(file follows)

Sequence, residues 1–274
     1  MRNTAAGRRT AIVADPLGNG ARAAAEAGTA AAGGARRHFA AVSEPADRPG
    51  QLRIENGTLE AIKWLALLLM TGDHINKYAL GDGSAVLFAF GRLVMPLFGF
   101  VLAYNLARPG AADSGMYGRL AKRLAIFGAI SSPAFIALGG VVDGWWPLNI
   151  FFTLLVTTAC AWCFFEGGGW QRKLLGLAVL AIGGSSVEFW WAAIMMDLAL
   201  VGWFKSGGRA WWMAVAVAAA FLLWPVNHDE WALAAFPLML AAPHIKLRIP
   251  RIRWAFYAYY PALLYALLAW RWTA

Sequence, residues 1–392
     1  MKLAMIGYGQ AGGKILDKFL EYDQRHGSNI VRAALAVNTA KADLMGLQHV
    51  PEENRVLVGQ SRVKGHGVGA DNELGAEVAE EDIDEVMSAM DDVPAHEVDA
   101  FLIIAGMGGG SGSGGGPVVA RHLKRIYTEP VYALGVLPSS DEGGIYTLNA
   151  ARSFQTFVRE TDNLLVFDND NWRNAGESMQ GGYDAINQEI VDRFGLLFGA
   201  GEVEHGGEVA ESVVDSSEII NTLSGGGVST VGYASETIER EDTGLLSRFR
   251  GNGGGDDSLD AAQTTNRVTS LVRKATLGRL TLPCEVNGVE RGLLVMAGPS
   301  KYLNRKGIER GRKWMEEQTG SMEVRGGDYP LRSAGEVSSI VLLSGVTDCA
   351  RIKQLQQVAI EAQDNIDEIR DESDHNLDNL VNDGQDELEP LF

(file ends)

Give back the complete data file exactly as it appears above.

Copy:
Sequence, residues 1–274
     1  MRNTAAGRRT AIVADPLGNG ARAAAEAGTA AAGGARRHFA AVSEPADRPG
    51  QLRIENGTLE AIKWLALLLM TGDHINKYAL GDGSAVLFAF GRLVMPLFGF
   101  VLAYNLARPG AADSGMYGRL AKRLAIFGAI SSPAFIALGG VVDGWWPLNI
   151  FFTLLVTTAC AWCFFEGGGW QRKLLGLAVL AIGGSSVEFW WAAIMMDLAL
   201  VGWFKSGGRA WWMAVAVAAA FLLWPVNHDE WALAAFPLML AAPHIKLRIP
   251  RIRWAFYAYY PALLYALLAW RWTA

Sequence, residues 1–392
     1  MKLAMIGYGQ AGGKILDKFL EYDQRHGSNI VRAALAVNTA KADLMGLQHV
    51  PEENRVLVGQ SRVKGHGVGA DNELGAEVAE EDIDEVMSAM DDVPAHEVDA
   101  FLIIAGMGGG SGSGGGPVVA RHLKRIYTEP VYALGVLPSS DEGGIYTLNA
   151  ARSFQTFVRE TDNLLVFDND NWRNAGESMQ GGYDAINQEI VDRFGLLFGA
   201  GEVEHGGEVA ESVVDSSEII NTLSGGGVST VGYASETIER EDTGLLSRFR
   251  GNGGGDDSLD AAQTTNRVTS LVRKATLGRL TLPCEVNGVE RGLLVMAGPS
   301  KYLNRKGIER GRKWMEEQTG SMEVRGGDYP LRSAGEVSSI VLLSGVTDCA
   351  RIKQLQQVAI EAQDNIDEIR DESDHNLDNL VNDGQDELEP LF